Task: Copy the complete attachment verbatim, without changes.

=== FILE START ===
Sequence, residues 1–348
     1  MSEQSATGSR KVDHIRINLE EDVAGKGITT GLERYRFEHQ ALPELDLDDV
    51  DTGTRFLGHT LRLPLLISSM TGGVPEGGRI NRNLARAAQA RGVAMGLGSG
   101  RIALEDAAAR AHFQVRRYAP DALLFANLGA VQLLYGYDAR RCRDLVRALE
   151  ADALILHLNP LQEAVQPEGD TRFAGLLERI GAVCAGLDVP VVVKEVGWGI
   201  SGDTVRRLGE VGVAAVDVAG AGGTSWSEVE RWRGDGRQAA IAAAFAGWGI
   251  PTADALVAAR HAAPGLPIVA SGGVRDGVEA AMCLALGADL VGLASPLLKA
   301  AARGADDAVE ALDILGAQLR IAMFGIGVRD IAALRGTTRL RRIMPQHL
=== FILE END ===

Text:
Sequence, residues 1–348
     1  MSEQSATGSR KVDHIRINLE EDVAGKGITT GLERYRFEHQ ALPELDLDDV
    51  DTGTRFLGHT LRLPLLISSM TGGVPEGGRI NRNLARAAQA RGVAMGLGSG
   101  RIALEDAAAR AHFQVRRYAP DALLFANLGA VQLLYGYDAR RCRDLVRALE
   151  ADALILHLNP LQEAVQPEGD TRFAGLLERI GAVCAGLDVP VVVKEVGWGI
   201  SGDTVRRLGE VGVAAVDVAG AGGTSWSEVE RWRGDGRQAA IAAAFAGWGI
   251  PTADALVAAR HAAPGLPIVA SGGVRDGVEA AMCLALGADL VGLASPLLKA
   301  AARGADDAVE ALDILGAQLR IAMFGIGVRD IAALRGTTRL RRIMPQHL